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Multi Asset

Impact of leveraged loans boom on high yield market

Leveraged loans: not just another high yield market

March 2019

Andrew Wilmont, Senior Investment Manager, Supriya Menon, Senior Multi Asset Strategist

Conditions in the booming leveraged loans market look worrying. But that's not necessarily bad news for high yield bond investors. 

Ever since the global financial crisis of 2007-8, investors have been on the lookout for what might trigger the next recession. With corporate debt in the US reaching an all-time high of 46 per cent of gross domestic product (GDP)1, it is the credit market that has become the chief cause for concern. 

comparison between leveraged loans and high yield bonds
Source: Pictet Asset Management

In recent quarters, most of that borrowing has taken the form of leveraged loans. As issuance of leveraged loans has risen rapidly, covenants that protect investors have weakened, credit quality has deteriorated and the market’s ability to withstand stress in its current form remains largely untested. The concern now is that if a bubble bursts here, it could affect mainstream fixed income asset classes like high yield bonds. But there is a silver lining for bondholders: leveraged loans increasingly look like a standalone asset class, possessing characteristics that are sufficiently different from those of the high yield market to limit any contagion. 

For a start, the overlap between the two markets – the proportion of companies that have both leveraged loans and high yield bonds outstanding – has fallen, reducing the risk of any spillover. The percentage of loan-only issuers in the US has increased to 79 per cent in 2018 from 70 per cent in 20172. This is negative for the leveraged loan investors as, without a high yield cushion, this form of borrowing becomes first in line for any losses in the event of bankruptcy.

The lack of overlap between the asset classes is also reflected in their respective sector make-up. While US high yield is dominated by communications and energy companies, leveraged loans are particularly popular among consumer discretionary and tech businesses (see Fig. 1).
fig. 1 different emphasis
Sector breakdown for US institutional leveraged loans market compared to US high yield market
Sector breakdown for US institutional leveraged loans market
Source: Bloomberg; data as of 31.12.2018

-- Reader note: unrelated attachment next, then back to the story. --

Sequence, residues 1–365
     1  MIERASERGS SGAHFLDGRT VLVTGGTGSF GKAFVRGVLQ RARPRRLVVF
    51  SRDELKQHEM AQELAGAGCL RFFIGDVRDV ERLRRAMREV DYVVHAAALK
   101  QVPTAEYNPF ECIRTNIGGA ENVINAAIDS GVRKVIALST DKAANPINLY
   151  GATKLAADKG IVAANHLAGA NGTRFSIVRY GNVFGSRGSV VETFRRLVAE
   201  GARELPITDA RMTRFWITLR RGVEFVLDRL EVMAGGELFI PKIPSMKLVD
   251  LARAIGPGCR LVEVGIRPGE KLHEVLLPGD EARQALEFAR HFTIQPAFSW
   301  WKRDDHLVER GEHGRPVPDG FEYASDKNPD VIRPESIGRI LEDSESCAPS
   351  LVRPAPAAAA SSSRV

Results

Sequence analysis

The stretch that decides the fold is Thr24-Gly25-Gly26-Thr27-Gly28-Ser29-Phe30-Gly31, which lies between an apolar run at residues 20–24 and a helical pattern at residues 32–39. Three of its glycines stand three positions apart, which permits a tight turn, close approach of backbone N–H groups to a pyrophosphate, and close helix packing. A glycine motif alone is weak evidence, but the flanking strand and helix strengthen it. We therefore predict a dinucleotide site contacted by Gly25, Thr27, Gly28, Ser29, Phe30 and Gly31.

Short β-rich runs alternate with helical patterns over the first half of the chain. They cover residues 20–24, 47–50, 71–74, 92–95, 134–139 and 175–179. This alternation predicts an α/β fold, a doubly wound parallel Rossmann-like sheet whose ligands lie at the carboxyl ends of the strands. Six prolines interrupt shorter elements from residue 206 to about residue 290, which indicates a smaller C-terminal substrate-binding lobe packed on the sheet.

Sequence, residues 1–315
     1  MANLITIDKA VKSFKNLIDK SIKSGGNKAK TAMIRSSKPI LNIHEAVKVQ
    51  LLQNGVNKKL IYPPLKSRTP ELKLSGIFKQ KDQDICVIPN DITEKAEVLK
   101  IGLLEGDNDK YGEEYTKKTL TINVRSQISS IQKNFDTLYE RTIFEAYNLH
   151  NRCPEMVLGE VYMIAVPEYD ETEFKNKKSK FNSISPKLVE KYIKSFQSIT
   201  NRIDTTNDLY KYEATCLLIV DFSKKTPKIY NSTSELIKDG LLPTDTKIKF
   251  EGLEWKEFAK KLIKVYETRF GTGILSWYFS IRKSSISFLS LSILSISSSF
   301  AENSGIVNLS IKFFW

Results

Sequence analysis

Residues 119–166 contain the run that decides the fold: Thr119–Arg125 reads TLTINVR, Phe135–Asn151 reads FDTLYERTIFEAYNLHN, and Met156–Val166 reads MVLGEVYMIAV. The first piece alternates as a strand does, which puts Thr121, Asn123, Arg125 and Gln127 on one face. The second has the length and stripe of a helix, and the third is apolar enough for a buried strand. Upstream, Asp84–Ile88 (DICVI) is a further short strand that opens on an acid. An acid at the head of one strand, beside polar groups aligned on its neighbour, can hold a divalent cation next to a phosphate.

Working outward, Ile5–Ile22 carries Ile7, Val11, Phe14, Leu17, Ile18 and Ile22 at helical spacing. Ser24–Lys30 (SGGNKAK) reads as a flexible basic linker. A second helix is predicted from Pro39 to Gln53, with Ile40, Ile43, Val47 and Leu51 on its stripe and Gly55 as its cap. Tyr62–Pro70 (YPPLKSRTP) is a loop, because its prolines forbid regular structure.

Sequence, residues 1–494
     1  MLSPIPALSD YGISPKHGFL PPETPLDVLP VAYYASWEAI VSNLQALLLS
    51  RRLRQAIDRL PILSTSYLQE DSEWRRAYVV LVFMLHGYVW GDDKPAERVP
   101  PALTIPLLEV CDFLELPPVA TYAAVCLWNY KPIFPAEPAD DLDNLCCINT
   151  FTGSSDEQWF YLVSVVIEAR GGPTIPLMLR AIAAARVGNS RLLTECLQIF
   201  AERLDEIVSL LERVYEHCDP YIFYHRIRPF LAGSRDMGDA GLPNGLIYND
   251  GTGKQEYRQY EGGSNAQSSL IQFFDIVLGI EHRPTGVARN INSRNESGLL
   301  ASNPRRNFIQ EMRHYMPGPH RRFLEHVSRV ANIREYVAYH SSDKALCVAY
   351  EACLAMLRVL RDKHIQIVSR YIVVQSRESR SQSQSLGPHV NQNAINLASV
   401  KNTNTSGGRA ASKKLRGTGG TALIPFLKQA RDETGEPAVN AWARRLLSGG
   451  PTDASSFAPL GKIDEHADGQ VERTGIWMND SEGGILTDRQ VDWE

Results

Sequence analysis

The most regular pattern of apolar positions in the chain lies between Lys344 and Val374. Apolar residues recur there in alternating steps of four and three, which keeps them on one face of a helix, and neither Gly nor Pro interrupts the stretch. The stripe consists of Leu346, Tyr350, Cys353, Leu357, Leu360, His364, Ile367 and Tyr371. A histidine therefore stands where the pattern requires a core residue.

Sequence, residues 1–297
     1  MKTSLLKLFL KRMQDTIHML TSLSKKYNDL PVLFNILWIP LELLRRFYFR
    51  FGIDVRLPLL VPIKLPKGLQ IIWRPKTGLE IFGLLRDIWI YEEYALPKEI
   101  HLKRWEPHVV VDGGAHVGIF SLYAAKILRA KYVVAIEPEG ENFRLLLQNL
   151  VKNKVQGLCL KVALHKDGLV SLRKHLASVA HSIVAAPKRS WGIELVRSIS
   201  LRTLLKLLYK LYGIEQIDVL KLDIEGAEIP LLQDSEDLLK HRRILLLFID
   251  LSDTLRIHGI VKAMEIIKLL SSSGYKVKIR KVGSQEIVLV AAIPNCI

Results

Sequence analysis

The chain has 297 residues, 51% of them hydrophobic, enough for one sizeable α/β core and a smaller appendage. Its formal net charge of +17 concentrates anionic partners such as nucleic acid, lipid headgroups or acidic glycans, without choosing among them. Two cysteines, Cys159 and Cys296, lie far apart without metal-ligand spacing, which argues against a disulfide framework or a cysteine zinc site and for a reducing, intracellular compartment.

Secondly, there has been a weakening of covenants – rules on matters like leverage, collateral and payment schedules – in the credit market This is much more relevant for leveraged loans than for high yield debt. This is because leveraged loans sit further up the capital structure, where the protection offered by covenants tends to be more valuable and the impact of dilution from increased corporate borrowing is more keenly felt. According to Moody's ratings agency, leveraged loans' covenant quality has dropped to its weakest level ever.

Net issuance levels also offer some comfort to holders of high yield bonds. While the outstanding value of leveraged loans in the US surged by 54 per cent between 2013 and 2018, the amount of high yield credit contracted by 13 per cent3. With a smaller pool of assets available, it should be easier for bondholders to retain value and avoid bubbles.

Furthermore, in contrast to what’s happening in leveraged loans and investment grade debt, the average credit quality of high yield bond issuers has not deteriorated. In the US, the average rating for a non-investment grade bond has stayed at B1/B+ level for many years, while in Europe it has actually gone up one notch to BB3/BB-4. This could partly reflect the fact that leveraged loans have been more frequently used to fund mergers and acquisitions and leveraged buyouts (LBOs) – activities which could potentially lower the creditworthiness of borrowers.
However, non-investment grade credit is not problem-free. The asset class has seen a steady increase of leverage (see Fig. 2). Although this is still lower than gross leverage within leveraged loans – where median debt-to-EBITDA levels are greater and 50 per cent of borrowers have a ratio of five times or more – investors would do well to monitor the high yield market for any signs of growing stress5.
Fig. 2 rising leverage
US high yield (ex financials): median debt-to-EBITDA ratios
US high yield leverage
Source: BoAML, S&P Capital IQ, Pictet Asset Management. Data covering period 31.12.2005-31.12.2018
Overall, though, the increase in debt ratios has been much more significant in the leveraged loans market – which is unsurprising given the surge in borrowing there. Add in the erosion of lending standards and the reduced overlap with the high yield market, and loan investors have ample grounds for concern. Non-investment grade bonds might be riskier on paper, but the gap is shrinking. Which is why we believe that when the loan crunch comes, high yield won't suffer more than other asset classes.